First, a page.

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Alexey Fedorov, Marcelo Barreiro, Giulio Boccaletti, Ronald Pacanowski, and S. George Philander

Abstract

The impacts of a freshening of surface waters in high latitudes on the deep, slow, thermohaline circulation have received enormous attention, especially the possibility of a shutdown in the meridional overturning that involves sinking of surface waters in the northern Atlantic Ocean. A recent study by Fedorov et al. has drawn attention to the effects of a freshening on the other main component of the oceanic circulation—the swift, shallow, wind-driven circulation that varies on decadal time scales and is closely associated with the ventilated thermocline. That circulation too involves meridional overturning, but its variations and critical transitions affect mainly the Tropics. A surface freshening in mid- to high latitudes can deepen the equatorial thermocline to such a degree that temperatures along the equator become as warm in the eastern part of the basin as they are in the west, the tropical zonal sea surface temperature gradient virtually disappears, and permanently warm conditions prevail in the Tropics. In a model that has both the wind-driven and thermohaline components of the circulation, which factors determine the relative effects of a freshening on the two components and its impact on climate? Studies with an idealized ocean general circulation model find that vertical diffusivity is one of the critical parameters that affect the relative strength of the two circulation components and hence their response to a freshening. The spatial structure of the freshening and imposed meridional temperature gradients are other important factors.

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Stephen M. Griffies, Anand Gnanadesikan, Ronald C. Pacanowski, Vitaly D. Larichev, John K. Dukowicz, and Richard D. Smith

Abstract

This paper considers the requirements that must be satisfied in order to provide a stable and physically based isoneutral tracer diffusion scheme in a z-coordinate ocean model. Two properties are emphasized: 1) downgradient orientation of the diffusive fluxes along the neutral directions and 2) zero isoneutral diffusive flux of locally referenced potential density. It is shown that the Cox diffusion scheme does not respect either of these properties, which provides an explanation for the necessity to add a nontrivial background horizontal diffusion to that scheme. A new isoneutral diffusion scheme is proposed that aims to satisfy the stated properties and is found to require no horizontal background diffusion.

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Thomas L. Delworth, Anthony Rosati, Whit Anderson, Alistair J. Adcroft, V. Balaji, Rusty Benson, Keith Dixon, Stephen M. Griffies, Hyun-Chul Lee, Ronald C. Pacanowski, Gabriel A. Vecchi, Andrew T. Wittenberg, Fanrong Zeng, and Rong Zhang

Abstract

The authors present results for simulated climate and climate change from a newly developed high-resolution global climate model [Geophysical Fluid Dynamics Laboratory Climate Model version 2.5 (GFDL CM2.5)]. The GFDL CM2.5 has an atmospheric resolution of approximately 50 km in the horizontal, with 32 vertical levels. The horizontal resolution in the ocean ranges from 28 km in the tropics to 8 km at high latitudes, with 50 vertical levels. This resolution allows the explicit simulation of some mesoscale eddies in the ocean, particularly at lower latitudes.

Analyses are presented based on the output of a 280-yr control simulation; also presented are results based on a 140-yr simulation in which atmospheric CO2 increases at 1% yr−1 until doubling after 70 yr.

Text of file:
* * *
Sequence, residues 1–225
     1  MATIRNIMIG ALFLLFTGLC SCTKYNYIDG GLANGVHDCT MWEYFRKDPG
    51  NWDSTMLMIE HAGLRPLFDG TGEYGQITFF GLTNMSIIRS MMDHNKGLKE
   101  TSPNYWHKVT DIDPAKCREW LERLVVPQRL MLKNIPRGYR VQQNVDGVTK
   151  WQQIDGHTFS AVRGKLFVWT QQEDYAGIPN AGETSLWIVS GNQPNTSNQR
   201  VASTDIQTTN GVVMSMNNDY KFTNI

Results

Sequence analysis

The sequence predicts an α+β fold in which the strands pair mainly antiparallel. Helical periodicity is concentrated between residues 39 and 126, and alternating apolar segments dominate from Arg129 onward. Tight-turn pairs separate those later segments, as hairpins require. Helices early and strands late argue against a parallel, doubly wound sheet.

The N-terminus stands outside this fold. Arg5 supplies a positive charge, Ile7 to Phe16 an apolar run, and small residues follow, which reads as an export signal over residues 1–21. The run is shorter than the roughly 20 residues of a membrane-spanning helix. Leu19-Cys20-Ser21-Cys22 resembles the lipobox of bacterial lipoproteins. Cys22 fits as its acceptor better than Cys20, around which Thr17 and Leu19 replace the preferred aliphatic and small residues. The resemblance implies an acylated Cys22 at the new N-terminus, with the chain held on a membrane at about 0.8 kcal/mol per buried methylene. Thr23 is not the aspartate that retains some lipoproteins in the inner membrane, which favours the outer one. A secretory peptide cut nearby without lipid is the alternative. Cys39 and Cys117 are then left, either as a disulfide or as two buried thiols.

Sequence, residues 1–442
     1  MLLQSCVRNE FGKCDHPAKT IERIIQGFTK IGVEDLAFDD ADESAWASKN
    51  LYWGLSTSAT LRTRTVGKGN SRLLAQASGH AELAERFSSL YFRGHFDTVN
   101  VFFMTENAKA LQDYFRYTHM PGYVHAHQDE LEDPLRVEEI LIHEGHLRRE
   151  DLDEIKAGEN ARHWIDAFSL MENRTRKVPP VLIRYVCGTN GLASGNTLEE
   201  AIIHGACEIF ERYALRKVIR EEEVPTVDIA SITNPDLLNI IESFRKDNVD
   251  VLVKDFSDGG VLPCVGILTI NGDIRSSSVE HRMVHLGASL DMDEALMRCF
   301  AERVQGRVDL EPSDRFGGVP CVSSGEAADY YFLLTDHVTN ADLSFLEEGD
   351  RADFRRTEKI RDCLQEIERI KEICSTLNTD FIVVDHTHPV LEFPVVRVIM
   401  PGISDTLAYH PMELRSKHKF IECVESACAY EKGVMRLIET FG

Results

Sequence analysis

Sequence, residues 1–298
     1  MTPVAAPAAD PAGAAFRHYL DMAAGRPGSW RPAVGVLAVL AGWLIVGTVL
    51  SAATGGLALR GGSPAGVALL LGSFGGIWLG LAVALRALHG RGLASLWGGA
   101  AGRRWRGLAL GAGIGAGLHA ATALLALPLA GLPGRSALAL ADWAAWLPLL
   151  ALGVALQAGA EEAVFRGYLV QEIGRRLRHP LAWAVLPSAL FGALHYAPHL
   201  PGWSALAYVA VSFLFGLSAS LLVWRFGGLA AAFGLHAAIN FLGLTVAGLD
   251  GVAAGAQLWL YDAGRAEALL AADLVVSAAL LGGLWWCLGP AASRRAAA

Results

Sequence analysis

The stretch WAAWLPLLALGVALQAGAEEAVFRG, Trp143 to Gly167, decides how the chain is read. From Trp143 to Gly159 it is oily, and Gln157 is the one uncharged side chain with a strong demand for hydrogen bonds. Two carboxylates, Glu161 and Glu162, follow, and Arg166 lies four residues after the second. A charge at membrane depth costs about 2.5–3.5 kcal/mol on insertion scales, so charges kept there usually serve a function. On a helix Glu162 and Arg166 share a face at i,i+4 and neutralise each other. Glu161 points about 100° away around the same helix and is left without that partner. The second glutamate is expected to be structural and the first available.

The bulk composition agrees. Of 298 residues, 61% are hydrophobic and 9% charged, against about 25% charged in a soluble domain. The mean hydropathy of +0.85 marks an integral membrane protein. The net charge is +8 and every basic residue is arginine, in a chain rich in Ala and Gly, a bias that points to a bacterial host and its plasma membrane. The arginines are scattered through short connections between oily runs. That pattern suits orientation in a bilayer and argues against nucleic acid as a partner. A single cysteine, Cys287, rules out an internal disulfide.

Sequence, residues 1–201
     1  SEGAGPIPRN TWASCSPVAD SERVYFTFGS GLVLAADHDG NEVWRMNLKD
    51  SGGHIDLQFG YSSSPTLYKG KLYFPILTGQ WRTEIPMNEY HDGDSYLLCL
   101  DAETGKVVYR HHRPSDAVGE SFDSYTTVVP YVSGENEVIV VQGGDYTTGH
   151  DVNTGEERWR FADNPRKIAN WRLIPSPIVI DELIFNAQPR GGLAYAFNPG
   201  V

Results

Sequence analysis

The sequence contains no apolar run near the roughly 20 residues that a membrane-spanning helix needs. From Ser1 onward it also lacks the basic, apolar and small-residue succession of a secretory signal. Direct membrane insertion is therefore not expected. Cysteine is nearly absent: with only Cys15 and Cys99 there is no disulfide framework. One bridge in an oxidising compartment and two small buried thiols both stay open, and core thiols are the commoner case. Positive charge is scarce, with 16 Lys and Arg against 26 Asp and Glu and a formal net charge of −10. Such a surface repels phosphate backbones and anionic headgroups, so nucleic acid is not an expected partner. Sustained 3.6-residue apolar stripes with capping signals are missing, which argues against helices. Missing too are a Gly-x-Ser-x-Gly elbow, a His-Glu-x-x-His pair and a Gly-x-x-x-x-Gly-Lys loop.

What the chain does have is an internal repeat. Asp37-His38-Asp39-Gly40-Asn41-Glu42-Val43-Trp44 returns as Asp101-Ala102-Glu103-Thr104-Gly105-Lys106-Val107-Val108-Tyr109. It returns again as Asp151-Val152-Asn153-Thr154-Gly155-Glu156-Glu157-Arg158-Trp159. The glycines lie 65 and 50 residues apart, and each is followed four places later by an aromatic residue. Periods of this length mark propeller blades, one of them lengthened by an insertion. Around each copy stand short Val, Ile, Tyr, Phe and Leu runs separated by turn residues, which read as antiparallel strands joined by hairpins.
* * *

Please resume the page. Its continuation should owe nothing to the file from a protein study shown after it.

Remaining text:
Results are compared to GFDL CM2.1, which has somewhat similar physics but a coarser resolution. The simulated climate in CM2.5 shows marked improvement over many regions, especially the tropics, including a reduction in the double ITCZ and an improved simulation of ENSO. Regional precipitation features are much improved. The Indian monsoon and Amazonian rainfall are also substantially more realistic in CM2.5.

The response of CM2.5 to a doubling of atmospheric CO2 has many features in common with CM2.1, with some notable differences. For example, rainfall changes over the Mediterranean appear to be tightly linked to topography in CM2.5, in contrast to CM2.1 where the response is more spatially homogeneous. In addition, in CM2.5 the near-surface ocean warms substantially in the high latitudes of the Southern Ocean, in contrast to simulations using CM2.1.

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Anand Gnanadesikan, Keith W. Dixon, Stephen M. Griffies, V. Balaji, Marcelo Barreiro, J. Anthony Beesley, William F. Cooke, Thomas L. Delworth, Rudiger Gerdes, Matthew J. Harrison, Isaac M. Held, William J. Hurlin, Hyun-Chul Lee, Zhi Liang, Giang Nong, Ronald C. Pacanowski, Anthony Rosati, Joellen Russell, Bonita L. Samuels, Qian Song, Michael J. Spelman, Ronald J. Stouffer, Colm O. Sweeney, Gabriel Vecchi, Michael Winton, Andrew T. Wittenberg, Fanrong Zeng, Rong Zhang, and John P. Dunne

Abstract

The current generation of coupled climate models run at the Geophysical Fluid Dynamics Laboratory (GFDL) as part of the Climate Change Science Program contains ocean components that differ in almost every respect from those contained in previous generations of GFDL climate models. This paper summarizes the new physical features of the models and examines the simulations that they produce. Of the two new coupled climate model versions 2.1 (CM2.1) and 2.0 (CM2.0), the CM2.1 model represents a major improvement over CM2.0 in most of the major oceanic features examined, with strikingly lower drifts in hydrographic fields such as temperature and salinity, more realistic ventilation of the deep ocean, and currents that are closer to their observed values. Regional analysis of the differences between the models highlights the importance of wind stress in determining the circulation, particularly in the Southern Ocean. At present, major errors in both models are associated with Northern Hemisphere Mode Waters and outflows from overflows, particularly the Mediterranean Sea and Red Sea.